Patent Number: US 11,372,134 B2
Technology Name: Peel-and-Adhere Photonic Crystal
EGLIN AFB – Sometimes a simple question can lead to a great idea that grows into improved technology. Joshua Lentz, Ph.D., of the Air Force Research Lab Munitions Directorate (AFRL/RW) at Eglin Air Force Base in Florida, just happened to be the person to ask such a question, which led to a patent involving photonic crystals.
“A photonic crystal is a generic term for an engineered optical material that has a repetitive structure just like a crystal,” Lentz said. “There is no limit to the number or types of materials used, the number of layers, the size and shape of the repeating features, and there are some very interesting optical responses that can be created by carefully designing such a crystal.”
Lentz had been contemplating utilizing photonic crystals as something similar to window tinting. Was it possible to attach them to existing materials such as glass or plexiglass to enhance how they’re used?
Though he thought the idea was too simplistic to be patented, Lentz – an experienced physicist currently working on his doctorate in Intelligent Systems & Robotics -- decided to get someone else’s opinion.
“While participating in an Innovation Discovery Event (conducted by TechLink) for another one of my concepts, I asked one of the panel members if a ‘peel-and-adhere’ photonic crystal concept would be patentable for a generic photonic crystal. His response was positive, (so) I filed the invention.” Lentz explained.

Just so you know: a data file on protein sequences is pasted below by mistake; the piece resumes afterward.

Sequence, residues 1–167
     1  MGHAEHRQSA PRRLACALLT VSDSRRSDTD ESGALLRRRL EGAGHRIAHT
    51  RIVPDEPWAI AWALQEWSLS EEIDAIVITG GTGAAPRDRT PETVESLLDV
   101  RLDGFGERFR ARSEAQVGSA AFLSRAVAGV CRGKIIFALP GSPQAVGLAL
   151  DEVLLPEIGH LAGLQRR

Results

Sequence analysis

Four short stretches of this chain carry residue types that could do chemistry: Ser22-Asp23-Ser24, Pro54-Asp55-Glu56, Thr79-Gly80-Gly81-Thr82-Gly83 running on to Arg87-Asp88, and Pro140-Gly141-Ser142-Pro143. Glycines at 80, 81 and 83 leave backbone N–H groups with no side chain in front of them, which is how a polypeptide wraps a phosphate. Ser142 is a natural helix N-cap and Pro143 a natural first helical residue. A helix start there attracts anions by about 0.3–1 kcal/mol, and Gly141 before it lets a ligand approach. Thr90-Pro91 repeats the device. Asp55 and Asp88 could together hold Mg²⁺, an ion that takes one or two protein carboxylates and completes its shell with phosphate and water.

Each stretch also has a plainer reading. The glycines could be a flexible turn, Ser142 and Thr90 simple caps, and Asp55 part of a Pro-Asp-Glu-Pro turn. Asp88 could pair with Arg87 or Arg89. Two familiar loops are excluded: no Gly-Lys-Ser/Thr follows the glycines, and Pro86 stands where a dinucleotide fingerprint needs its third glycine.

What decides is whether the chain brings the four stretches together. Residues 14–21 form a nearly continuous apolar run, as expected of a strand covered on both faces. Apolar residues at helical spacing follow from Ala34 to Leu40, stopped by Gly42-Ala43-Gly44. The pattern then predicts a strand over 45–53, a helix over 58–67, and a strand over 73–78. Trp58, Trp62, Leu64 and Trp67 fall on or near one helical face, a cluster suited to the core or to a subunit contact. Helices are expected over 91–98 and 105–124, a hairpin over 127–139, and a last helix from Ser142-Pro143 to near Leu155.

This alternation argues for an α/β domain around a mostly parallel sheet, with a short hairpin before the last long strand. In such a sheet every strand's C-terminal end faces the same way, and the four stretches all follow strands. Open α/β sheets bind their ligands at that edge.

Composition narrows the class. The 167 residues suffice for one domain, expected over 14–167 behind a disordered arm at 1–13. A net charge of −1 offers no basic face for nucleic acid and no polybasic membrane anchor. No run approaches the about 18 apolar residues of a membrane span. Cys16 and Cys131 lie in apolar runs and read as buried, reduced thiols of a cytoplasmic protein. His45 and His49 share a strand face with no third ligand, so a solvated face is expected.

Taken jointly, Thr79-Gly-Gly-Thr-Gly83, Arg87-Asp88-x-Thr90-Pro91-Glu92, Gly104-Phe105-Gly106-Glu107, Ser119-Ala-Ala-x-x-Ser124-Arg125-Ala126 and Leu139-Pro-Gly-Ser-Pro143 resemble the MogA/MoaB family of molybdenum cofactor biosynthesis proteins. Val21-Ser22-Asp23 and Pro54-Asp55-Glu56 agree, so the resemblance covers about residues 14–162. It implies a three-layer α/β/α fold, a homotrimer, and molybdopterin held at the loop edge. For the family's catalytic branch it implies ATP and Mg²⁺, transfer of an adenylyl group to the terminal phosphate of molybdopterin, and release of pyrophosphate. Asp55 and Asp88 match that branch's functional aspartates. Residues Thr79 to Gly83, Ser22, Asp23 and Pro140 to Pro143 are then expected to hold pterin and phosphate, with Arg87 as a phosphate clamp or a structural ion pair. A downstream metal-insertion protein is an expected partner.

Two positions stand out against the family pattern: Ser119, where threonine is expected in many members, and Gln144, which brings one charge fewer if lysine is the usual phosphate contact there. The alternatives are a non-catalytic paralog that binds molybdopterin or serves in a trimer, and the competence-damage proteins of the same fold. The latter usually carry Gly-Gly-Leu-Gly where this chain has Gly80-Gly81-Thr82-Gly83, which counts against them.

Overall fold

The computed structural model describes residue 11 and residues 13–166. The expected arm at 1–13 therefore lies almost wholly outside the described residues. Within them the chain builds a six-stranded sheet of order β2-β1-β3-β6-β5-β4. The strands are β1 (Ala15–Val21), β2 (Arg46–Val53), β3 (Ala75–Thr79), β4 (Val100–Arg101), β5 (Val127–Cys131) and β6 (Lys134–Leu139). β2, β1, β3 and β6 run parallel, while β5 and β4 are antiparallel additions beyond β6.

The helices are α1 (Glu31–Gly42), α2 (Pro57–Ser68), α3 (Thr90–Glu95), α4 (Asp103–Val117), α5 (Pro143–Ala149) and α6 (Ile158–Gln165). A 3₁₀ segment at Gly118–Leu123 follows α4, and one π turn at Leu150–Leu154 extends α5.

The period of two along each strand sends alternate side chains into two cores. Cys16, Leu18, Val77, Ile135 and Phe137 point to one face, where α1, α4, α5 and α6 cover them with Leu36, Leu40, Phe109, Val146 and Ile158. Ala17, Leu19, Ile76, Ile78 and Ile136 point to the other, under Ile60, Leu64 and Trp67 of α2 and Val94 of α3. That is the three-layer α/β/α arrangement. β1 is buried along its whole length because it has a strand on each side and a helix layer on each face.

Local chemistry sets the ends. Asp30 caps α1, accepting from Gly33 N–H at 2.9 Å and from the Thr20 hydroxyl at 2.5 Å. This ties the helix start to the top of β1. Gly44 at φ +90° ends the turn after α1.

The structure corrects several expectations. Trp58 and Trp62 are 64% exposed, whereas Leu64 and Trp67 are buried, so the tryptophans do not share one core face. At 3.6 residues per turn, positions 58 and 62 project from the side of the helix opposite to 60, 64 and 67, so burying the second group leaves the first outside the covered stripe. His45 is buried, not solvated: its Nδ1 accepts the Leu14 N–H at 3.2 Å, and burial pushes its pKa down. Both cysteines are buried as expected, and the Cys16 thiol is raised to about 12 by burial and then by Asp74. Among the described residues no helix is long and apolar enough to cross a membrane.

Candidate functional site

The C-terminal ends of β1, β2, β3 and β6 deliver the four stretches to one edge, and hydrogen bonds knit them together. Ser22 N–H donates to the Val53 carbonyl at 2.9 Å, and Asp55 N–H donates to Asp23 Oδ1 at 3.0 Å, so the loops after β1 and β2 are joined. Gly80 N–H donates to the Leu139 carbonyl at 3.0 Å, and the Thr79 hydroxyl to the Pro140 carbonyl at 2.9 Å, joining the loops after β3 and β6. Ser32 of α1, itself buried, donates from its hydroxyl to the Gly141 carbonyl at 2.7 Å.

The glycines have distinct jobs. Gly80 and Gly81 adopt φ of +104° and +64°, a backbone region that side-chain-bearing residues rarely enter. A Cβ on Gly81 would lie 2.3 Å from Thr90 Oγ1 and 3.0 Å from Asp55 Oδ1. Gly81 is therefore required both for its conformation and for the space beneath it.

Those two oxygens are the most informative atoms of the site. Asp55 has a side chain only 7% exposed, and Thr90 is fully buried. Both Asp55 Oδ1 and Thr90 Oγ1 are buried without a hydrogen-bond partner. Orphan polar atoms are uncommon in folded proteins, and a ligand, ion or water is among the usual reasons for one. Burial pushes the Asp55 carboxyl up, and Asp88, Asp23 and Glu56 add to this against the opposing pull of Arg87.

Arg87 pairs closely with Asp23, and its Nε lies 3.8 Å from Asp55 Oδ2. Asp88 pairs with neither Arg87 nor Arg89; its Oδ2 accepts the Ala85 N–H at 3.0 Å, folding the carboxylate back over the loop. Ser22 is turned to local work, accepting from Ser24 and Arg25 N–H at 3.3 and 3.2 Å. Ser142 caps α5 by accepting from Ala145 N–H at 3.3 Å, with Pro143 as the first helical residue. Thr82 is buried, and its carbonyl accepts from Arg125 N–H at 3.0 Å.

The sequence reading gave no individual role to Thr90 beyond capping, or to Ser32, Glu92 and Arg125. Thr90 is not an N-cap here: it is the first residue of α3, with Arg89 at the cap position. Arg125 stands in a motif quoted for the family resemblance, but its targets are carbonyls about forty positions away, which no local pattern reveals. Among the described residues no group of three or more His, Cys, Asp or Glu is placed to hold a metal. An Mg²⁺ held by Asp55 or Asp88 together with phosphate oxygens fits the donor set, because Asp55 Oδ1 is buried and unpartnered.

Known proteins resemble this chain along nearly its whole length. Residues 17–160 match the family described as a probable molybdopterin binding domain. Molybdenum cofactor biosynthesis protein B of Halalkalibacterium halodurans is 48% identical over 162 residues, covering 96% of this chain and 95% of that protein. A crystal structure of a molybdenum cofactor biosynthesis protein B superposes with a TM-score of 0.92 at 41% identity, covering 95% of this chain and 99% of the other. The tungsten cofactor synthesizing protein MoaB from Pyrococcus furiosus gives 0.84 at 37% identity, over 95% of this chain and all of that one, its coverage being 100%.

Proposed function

While benefits to the average consumer would vary depending on what designs were available and at what cost, the invention would have a more practical use in laboratories. Being able to modify optical elements by placing a photonic crystal film that could be applied to existing materials to enhance their properties in a matter of minutes would save a great deal of time in the long run.
The entire timeline for preparing this patent idea was literally a matter of a few weeks of Lentz thinking about the idea, a few minutes of asking about it, and a couple more hours of writing up the disclosure. Having a total of seven patents to his credit, he’s become very familiar with each step.
Though this invention didn’t involve other collaborators, Lentz credits the culture of problem solving at Eglin for equipping him with the right mind frame to propose solutions.
“Experience working in the Air Force test and evaluation community on Eglin gave me an intimate understanding of how certain systems works, what their limitations are and what needs to be improved for the future of hardware-in-the-loop testing. Problems motivate solutions, and at some point, when technology cannot provide through incremental progress, innovation is necessary to make a more substantial advance,” he said.
In his spare time, Lentz stays active playing sports, doing CrossFit, hiking, paddleboarding, gardening, and reading. He says those activities, along with his faith, have contributed to his overall physical and mental wellness to better serve the warfighter.
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